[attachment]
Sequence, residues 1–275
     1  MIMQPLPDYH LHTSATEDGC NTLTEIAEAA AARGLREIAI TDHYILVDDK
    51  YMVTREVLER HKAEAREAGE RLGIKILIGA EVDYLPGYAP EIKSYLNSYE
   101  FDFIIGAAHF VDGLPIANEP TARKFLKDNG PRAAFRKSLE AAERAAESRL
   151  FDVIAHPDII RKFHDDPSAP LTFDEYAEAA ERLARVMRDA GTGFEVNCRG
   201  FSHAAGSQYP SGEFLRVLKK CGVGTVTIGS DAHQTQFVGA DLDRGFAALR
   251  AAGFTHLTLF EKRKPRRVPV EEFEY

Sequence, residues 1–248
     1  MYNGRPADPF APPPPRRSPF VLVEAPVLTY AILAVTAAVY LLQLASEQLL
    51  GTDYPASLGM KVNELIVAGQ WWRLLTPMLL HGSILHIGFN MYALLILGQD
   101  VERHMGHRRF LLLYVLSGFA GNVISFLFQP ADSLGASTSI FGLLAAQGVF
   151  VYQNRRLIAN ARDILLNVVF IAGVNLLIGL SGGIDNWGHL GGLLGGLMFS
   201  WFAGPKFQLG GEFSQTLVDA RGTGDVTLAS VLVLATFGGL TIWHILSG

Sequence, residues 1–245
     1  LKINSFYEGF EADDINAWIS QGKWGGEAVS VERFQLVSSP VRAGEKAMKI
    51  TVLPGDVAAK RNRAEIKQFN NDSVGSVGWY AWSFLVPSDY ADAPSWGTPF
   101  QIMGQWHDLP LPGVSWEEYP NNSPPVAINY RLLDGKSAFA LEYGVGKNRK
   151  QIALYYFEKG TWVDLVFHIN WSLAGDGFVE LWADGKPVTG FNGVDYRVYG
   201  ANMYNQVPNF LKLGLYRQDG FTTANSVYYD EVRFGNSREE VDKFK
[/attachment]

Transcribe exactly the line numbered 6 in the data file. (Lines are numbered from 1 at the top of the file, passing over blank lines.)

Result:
   201  FSHAAGSQYP SGEFLRVLKK CGVGTVTIGS DAHQTQFVGA DLDRGFAALR